Three stories of race

16 Jan

Martin Luther King

For Martin Luther King Day I’d like to write about race, in three vignettes.

The first is about a family outing to a New Jersey lake resort. I was 8 or so, and we were going to one of my favorite spots. As our car stood in line at the gate, I realized something was wrong. The car in front was holding things up. There was an argument between the gatekeeper and the vehicle’s occupants, who were black.

My father went out to see what was happening.

When he returned, he seemed a little different, a little upset; certainly more reserve.

“They weren’t allowed in because they aren’t members,” my father said.

“Are we members?” I asked.

“No,” he said, “but I think they are going to let us in.”

The incident seemed unimportant once we were inside, although my father talked to other relatives about it. As I grew up and understood more, I never forgot the combination of guilt, sadness and, was it shame? that I had seen on my father’s face that day.

My second little story is about the only tip I ever received while working summers at a pizza restaurant. I was 20, and so good at making pizzas they let me manage the place. As a manager, I would try to remember what people normally ordered. For example, there was a theatrical-looking black man with a pencil-thin mustache and a fedora who always called in for a garlic and anchovy pizza.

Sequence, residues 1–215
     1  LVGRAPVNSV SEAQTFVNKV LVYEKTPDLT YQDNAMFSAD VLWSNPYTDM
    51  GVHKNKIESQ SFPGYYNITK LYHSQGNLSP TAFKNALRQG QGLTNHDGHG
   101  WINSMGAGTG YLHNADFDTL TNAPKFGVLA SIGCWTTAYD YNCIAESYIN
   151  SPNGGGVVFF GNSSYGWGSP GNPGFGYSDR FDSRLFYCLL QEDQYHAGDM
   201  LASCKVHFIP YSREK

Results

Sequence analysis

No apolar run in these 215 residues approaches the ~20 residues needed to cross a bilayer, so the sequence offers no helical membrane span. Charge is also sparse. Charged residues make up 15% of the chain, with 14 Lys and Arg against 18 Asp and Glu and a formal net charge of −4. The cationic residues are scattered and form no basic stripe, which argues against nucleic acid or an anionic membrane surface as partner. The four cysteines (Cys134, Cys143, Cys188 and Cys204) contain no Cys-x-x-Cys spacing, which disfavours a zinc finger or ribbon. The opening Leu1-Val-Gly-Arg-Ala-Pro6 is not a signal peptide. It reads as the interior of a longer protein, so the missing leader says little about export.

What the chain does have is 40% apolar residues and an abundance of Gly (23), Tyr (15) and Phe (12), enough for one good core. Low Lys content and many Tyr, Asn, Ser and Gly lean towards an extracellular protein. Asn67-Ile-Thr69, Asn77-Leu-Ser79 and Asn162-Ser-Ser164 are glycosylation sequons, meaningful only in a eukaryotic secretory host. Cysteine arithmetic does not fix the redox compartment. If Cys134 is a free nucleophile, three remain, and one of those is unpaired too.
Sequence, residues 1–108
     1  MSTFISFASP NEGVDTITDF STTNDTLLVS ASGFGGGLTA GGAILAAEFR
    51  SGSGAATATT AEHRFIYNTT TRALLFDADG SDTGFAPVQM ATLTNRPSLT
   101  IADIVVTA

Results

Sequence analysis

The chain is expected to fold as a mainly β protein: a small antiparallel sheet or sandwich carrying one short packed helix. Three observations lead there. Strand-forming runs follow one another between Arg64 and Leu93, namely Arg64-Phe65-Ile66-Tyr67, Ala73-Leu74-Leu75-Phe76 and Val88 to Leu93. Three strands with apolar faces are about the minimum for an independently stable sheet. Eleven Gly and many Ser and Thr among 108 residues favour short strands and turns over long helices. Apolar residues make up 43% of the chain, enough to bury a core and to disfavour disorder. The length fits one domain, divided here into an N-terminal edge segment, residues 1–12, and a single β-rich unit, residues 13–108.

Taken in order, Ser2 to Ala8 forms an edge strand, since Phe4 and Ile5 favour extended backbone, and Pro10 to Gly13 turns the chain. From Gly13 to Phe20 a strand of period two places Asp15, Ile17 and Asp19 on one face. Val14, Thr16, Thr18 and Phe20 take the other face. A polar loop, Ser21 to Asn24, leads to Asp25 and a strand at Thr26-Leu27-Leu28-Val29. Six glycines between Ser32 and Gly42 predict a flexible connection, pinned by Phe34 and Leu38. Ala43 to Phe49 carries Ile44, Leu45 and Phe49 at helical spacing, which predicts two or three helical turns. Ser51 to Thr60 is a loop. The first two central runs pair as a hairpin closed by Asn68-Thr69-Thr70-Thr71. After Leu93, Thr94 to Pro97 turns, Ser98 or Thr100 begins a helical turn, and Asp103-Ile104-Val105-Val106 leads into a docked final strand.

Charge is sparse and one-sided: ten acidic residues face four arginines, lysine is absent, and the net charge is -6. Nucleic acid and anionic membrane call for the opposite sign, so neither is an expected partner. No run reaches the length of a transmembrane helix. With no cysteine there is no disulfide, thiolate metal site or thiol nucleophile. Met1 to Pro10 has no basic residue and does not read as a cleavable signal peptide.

One busy Saturday night the other pizza guy didn’t show up. This was a take-out place and the whole front of the store was packed with people either picking up food or trying to place orders. It was noisy and chaotic. I was trying as fast as I could to get people out so there would be room for those coming in. As I pulled a garlic and anchovy pizza from the oven, I saw its owner walk in. I boxed the pie, gave it to the cashier and pointed to the man with the mustache, who was way in the back, behind rows of impatient white people.  He walked forward, paid and left.

At closing, the cashier pulled two bills from her pocket and handed them to me. “From the black guy with the mustache,” she said.

Nice gesture, but I didn’t understand its depth until I lived for a time in a black neighborhood in Washington, D.C. There was a deli next to my building that was always crowded with people – black people. It was nearly impossible for me to get a sandwich there. If someone behind the counter had handed me one as soon as I walked in, I would have been surprised and delighted. I would have thought better of mankind and the world and most definitely would have offered a tip.

And so, because of that, I better understood the man in the fedora.

The third story is one I don’t quite understand. I don’t understand the socio-economic forces at work. Perhaps someone can explain.

My aunt, now deceased, ran a dry cleaning business in Philadelphia and lived with her family above the shop. When she started, the neighborhood was white. That changed, but she stayed put. Years later I asked her son, my cousin, what it was like being the only white family for blocks and blocks. He said when the neighborhood first changed, everything was fine. The new people were good people, family people. Then they moved out, and the people who moved in destroyed everything.

 Those are my three stories about race. Taken together, what might they say about life in America and the quality of our humanness? Please share your thoughts.

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